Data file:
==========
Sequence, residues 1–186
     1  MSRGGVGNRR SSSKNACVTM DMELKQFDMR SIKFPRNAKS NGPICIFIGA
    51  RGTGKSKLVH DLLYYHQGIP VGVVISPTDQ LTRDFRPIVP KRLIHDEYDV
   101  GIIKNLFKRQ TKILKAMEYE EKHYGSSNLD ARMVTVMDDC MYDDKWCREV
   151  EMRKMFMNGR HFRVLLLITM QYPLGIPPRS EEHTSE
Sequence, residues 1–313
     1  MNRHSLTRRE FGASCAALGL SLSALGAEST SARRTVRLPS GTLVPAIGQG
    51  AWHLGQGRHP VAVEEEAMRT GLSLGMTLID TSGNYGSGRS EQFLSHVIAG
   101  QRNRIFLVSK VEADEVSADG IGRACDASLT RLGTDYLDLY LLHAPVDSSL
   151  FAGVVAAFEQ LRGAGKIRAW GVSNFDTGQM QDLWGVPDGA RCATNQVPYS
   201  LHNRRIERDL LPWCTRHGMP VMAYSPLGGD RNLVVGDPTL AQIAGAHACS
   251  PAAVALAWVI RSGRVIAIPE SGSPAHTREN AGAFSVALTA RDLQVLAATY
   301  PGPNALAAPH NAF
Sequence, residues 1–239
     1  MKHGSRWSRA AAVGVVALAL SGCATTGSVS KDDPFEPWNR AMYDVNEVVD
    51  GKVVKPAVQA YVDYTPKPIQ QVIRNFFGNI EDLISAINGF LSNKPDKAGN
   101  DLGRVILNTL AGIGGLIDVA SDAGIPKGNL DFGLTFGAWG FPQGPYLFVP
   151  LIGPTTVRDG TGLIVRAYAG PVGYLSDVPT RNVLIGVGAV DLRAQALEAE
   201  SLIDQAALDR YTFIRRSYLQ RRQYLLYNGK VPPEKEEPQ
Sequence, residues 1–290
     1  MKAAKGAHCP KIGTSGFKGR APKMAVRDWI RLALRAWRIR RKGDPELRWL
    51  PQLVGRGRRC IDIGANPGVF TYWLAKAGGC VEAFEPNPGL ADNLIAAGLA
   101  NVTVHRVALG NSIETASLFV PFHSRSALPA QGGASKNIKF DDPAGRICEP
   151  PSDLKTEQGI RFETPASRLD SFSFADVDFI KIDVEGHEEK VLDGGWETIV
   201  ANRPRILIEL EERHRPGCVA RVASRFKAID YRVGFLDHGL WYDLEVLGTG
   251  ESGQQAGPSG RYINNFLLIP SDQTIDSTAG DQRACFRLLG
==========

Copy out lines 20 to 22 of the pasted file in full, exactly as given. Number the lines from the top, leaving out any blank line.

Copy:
Sequence, residues 1–290
     1  MKAAKGAHCP KIGTSGFKGR APKMAVRDWI RLALRAWRIR RKGDPELRWL
    51  PQLVGRGRRC IDIGANPGVF TYWLAKAGGC VEAFEPNPGL ADNLIAAGLA